Here is a modification I've devised based on cast metal knobs I've seen that have a nub on flatside of the knob that contacts the drawer front.
This is part of a larger project of mine where I am building a "built-in" closet.
Step 1: Step 1 - Gather Your Equipment and Materials
2) drill bit that has a 1/32" smaller diameter than the diameter of the finish nail
3) wood screw with a thread 1/32" larger in diameter than the predrilled hole in the wooden knob
4) drill bit that has a 1/32" smaller diameter than the diameter of the shank of the wood screw
6) wooden knob
7) dikes (diagonal cutters)
Step 2: Step 2 - Sizing Your Drill Bit to the Finish Nail (this Will Be the Anchor)
I've seen countless instructions with kit furniture and such that have the builder using a 1/8" drill for a 1/8" screw.
My experience has been that undersizing the drill bit slightly provides a much stronger mechanical fit because of the friction created.
When I say undersized, I mean by about 1/32". This isn't an exact science because hardness of wood comes into play but essentially you don't want the hole so undersized that you split the wood or have to force the fastener into the hole. It should go in tightly but not ridiculously tight!
Step 3: Step 3 - Drill the Anchor Hole
The hole should be fairly deep into the knob--drill as far you'd need to go that would leave about 1/4" of wood undrilled thereby preventing fully penetrating the knob.
The deeper you go, the better resistance to twisting force you'll have--go to far and pop through the other side and you have an ugly hole that will bug you every time you see it!
Step 4: Step 4 - Size the Length of the Anchor for Cutting
Once it is fully inserted, take your dikes and lightly mark a spot about 5/16" up from the surface of the knob.
You are lightly marking them with a gentle squeeze that'll leave an impression that you'll cut in the next step.
Step 5: Step 5 - Cut the Anchor
Believe me, you might never see the other piece again because it'll go flying! Make sure you protect your eyes and the eyes of anyone with you!!
Step 6: Step 6 - Insert the Anchor Into the Knob
Step 7: Step 7 - Measure Depth of Hole in Knob
Using the drill bit that was sized for the wood screw, insert the shank end (non-cutting end) into the hole fully.
Pinch the bit and pull it out.
While still pinching the bit, grab a ruler and measure the depth of the shank starting at where you are pinching to the end that was fully submerged.
This is the amount that the screw needs to extend from the surface of the drawer front after having been fully inserted through the hole.
I've dry fit the cut screw into two pieces of wood that are the same thickness as the drawer front to illustrate how far the bolt will penetrate after it has been properly sized.
The depth of field in the photo makes the screw on the left appear smaller in diameter but it is actually the same as the one on the right.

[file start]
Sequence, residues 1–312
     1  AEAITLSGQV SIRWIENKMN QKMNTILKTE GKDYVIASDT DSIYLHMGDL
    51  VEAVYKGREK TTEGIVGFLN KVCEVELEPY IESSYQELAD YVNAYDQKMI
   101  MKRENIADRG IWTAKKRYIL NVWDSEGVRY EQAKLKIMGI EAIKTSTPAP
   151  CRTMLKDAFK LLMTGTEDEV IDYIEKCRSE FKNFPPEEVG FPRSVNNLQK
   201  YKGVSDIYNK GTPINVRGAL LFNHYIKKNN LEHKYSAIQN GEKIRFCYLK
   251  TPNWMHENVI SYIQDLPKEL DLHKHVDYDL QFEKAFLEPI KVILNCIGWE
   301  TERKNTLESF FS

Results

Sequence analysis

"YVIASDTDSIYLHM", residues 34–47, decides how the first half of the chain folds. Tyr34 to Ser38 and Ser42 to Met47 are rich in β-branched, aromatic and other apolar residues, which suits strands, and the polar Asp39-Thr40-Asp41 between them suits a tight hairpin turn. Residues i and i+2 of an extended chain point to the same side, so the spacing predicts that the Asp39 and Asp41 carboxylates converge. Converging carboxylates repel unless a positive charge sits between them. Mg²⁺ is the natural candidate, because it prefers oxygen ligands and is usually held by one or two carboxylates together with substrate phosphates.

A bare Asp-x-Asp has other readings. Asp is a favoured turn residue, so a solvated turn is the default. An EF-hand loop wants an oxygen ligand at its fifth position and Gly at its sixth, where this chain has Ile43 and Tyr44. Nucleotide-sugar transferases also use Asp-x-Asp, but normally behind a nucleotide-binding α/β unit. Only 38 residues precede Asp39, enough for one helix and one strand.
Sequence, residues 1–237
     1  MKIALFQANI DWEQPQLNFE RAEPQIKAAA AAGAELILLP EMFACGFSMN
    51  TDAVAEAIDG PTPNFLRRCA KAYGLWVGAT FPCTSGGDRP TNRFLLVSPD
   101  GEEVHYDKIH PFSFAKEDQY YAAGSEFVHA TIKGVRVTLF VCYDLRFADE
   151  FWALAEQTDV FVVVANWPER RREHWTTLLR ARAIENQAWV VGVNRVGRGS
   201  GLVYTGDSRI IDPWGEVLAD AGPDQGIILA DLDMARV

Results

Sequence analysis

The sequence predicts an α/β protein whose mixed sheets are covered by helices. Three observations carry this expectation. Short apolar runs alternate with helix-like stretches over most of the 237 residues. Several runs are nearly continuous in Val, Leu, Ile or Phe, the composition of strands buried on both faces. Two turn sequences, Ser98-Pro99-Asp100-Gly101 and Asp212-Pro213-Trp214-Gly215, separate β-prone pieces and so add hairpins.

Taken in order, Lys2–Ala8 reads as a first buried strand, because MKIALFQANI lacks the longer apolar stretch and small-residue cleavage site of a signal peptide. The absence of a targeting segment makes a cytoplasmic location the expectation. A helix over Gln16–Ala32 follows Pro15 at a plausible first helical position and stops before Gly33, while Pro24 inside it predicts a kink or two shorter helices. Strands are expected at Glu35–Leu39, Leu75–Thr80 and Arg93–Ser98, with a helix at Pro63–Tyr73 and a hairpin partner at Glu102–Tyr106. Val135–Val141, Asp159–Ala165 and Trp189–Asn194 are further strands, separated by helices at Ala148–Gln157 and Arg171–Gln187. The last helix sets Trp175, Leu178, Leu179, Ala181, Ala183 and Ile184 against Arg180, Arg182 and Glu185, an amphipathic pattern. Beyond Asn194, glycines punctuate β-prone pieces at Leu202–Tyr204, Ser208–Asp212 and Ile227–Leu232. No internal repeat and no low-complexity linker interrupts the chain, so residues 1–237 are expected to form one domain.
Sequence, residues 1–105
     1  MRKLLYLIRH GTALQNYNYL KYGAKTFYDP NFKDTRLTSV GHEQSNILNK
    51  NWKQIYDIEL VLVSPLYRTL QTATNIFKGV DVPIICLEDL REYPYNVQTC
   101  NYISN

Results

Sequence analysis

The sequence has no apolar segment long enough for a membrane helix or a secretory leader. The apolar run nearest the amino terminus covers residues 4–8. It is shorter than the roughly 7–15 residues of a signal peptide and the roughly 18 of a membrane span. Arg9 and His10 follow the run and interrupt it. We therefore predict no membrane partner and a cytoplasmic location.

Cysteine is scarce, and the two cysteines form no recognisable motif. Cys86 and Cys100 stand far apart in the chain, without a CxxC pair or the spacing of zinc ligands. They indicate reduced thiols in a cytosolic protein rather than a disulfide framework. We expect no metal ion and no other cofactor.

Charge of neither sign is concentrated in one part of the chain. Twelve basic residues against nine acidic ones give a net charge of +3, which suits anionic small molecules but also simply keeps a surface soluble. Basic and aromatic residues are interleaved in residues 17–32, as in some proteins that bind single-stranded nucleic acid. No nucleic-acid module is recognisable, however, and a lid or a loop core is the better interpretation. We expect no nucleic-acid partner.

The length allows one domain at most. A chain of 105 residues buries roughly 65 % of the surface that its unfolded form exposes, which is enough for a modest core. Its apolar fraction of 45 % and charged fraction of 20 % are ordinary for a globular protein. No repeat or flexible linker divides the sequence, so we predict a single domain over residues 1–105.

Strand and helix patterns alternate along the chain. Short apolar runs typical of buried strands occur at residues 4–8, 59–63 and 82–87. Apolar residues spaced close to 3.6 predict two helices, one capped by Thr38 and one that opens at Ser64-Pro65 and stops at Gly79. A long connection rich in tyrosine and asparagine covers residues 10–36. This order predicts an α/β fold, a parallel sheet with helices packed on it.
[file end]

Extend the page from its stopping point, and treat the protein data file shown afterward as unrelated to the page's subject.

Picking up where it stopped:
Step 8: Step 8 - Cutting the Wood Screw
I was just to lazy to take out my hand grinder and plug it in.
And I was certainly to lazy to use a hacksaw! U-u-u-gh!! That's too much work...
Step 9: Step 10 - Aligning the Knob to the Drawer Front
I start by placing the shank (non-cutting) portion of the drill bit through the drawer front so that it extends past the surface of the drawer front.
Then I place the knob onto the drill bit shank. Next, slowly push the knob towards the drawer front until the anchor makes contact.
THIS PART IS CRUCIAL! You must be careful to push the knob onto the front of the drawer so that it seats flatly against the drawer front. Remember, you are also making a hole in the drawer front with the anchor.
If you look at the images below, you'll see an example of a knob that is seated flatly and one that is not.
Remember, a little extra time now means you may be looking at a mistake every time you open the drawer or looking at a fine piece of finished cabinetry.
Step 10: Step 10 - Fastening the Knob
You insert the wood screw from the inside of the drawer front and screw it into the knob using your drill with a screw driver attachment.
Make sure you are putting significant counter-pressure with your other hand to push against the screw coming through so that the knob is held tightly in place.
Step 11: BONUS STEP 1
Step 12: BONUS STEP 2
a) I made a jig where I place the uncut screws through holes in a piece of wood and then lightly screwed the knobs on top.
b) I applied a homemade sanding sealer using 1:1 ratio of polyurethane and mineral spirits.
c) Once that had dried, I lightly sanded the surface with 220 grit sandpaper.
d) Next, using cheeseclothe dampened with mineral spirits, I wiped the sanding dust off of the knobs.
e) Next I applied a coat of pure polyurethane.
f) At this point, repeat steps c-e at least 1 more time.
Use a white bristle tapered china brush to get results without brush marks.
Clean and store your brush in mineral spirits. I've got mine stored temporarily in the ziplock bag with a ziptie because I will be using it again soon. Otherwise rinse fully and brush the china brush with a wire brush and until the mineral spirits come out clean after repeated applications.